Publication: Monitor Volume: 3 Issue: 143

Sergei Stepashin, named as justice minister on July 2, has been appointed to Russia’s powerful Security Council by President Yeltsin. He takes the place of former Justice Minister Valentin Kovalev, sacked in wake of the "sex in the sauna" scandal. (Itar-Tass, July 22)

Meanwhile, Stepashin has been telling the public how he intends to reorganize the Justice Ministry’s work. He says that, under his stewardship, the ministry will be more zealous in carrying out its task of registering political parties and movements, maintaining not just a register of their names but following up to ensure that their actual activities conform with their declared aims and closing them down if they do not. In keeping with the Yeltsin administration’s determination to crack down on maverick provincial leaders, Stepashin says, too, that the Justice Ministry’s watchdog role will be upgraded to ensure that legislation adopted in the regions conforms with federal law. Stepashin also says that, in order to fulfill Russia’s obligations as a member of the Council of Europe, he will speed up the transfer of responsibility for Russia’s overcrowded and disease-ridden prisons from the Interior Ministry to the Justice Ministry. Responsibility for people in pre-trial detention (whose conditions are reportedly even less humane than those in regular prisons) will pass to the Justice Ministry from the Federal Security Service (FSB — the domestic successor to the KGB). (Itar-Tass, July 19)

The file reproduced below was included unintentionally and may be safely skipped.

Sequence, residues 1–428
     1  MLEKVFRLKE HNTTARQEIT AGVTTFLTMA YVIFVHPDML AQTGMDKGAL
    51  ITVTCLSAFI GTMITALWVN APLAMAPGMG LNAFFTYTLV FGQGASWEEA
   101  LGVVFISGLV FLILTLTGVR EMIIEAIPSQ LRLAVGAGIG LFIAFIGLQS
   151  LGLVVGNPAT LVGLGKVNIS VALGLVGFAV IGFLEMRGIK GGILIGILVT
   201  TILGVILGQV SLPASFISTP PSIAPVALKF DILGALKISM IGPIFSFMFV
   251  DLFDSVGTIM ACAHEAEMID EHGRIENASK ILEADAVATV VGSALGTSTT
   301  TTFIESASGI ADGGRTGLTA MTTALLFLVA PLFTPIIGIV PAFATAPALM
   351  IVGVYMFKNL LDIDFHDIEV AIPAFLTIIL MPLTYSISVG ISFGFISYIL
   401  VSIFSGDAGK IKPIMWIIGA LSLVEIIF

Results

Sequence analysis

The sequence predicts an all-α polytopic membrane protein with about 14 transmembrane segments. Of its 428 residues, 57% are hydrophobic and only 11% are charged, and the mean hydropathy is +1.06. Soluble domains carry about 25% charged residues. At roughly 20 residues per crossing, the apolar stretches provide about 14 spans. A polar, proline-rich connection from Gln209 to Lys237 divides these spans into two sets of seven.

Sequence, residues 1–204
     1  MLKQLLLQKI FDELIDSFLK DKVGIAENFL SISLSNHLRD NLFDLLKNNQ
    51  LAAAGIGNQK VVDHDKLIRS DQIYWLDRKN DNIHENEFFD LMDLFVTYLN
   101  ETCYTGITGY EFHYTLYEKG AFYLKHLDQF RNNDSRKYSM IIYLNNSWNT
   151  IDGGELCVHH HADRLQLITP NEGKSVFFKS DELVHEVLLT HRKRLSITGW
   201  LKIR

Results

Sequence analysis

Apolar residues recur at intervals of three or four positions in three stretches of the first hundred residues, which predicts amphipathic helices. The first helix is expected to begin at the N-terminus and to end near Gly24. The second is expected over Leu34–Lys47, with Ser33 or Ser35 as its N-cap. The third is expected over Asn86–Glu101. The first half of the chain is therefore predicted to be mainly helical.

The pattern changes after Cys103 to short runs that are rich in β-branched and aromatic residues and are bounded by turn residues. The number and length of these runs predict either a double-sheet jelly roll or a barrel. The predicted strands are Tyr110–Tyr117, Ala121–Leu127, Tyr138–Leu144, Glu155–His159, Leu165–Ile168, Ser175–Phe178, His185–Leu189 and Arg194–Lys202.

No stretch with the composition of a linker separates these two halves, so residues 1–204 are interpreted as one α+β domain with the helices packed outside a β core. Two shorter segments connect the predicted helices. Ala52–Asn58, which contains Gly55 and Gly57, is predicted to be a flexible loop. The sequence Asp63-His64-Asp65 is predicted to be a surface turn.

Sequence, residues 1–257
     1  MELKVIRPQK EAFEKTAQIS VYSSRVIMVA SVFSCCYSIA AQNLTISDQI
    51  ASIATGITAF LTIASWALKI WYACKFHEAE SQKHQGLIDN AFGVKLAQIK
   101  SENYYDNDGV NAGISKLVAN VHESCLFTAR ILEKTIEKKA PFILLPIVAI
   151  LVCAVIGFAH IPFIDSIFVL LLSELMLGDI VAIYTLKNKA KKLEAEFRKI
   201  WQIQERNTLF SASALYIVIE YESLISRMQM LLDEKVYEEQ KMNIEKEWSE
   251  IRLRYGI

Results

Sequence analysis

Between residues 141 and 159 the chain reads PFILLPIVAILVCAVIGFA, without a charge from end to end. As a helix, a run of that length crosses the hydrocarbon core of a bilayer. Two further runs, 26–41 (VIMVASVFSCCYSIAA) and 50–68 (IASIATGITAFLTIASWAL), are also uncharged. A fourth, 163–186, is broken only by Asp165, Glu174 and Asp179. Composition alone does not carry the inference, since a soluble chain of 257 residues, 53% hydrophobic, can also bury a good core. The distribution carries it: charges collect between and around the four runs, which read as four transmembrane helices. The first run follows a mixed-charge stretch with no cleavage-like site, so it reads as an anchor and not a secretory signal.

Stepashin is a close associate of Prime Minister Viktor Chernomyrdin, who has given him his vocal and enthusiastic support. In a series of TV and newspaper interviews, Stepashin, who until 1995 was the head of the FSB, has sought to allay fears that he intends to resurrect old KGB methods of prying into the activities of political parties and individual citizens. But he has made no attempt to deny his close links with the security services. Stepashin recently affirmed that he has remained on the active reserve of the FSB since 1995, when he left the FSB in the wake of the Budennovsk hostage-taking drama and took up a senior administrative post in the Russian government. "I did not sever my links with the Lubyanka after my resignation in 1995," he said. "I have excellent personal and official relations with FSB Director [Nikolai] Kovalev. I used to visit the Lubyanka regularly, people used to come to me from there, and jointly we resolved many questions." (Komsomolskaya pravda, July 15)

The FSB is perhaps the only federal institution that managed to preserve its provincial links more or less intact during the upheaval of Russia’s move to democracy and the market. Stepashin’s appointment to head what could turn out to be one of Russia’s most important government ministries is fresh evidence that the security police and their associates continue to play an influential role in post-Soviet Russia.

Russia’s Military Bureaucracy Resists Reform.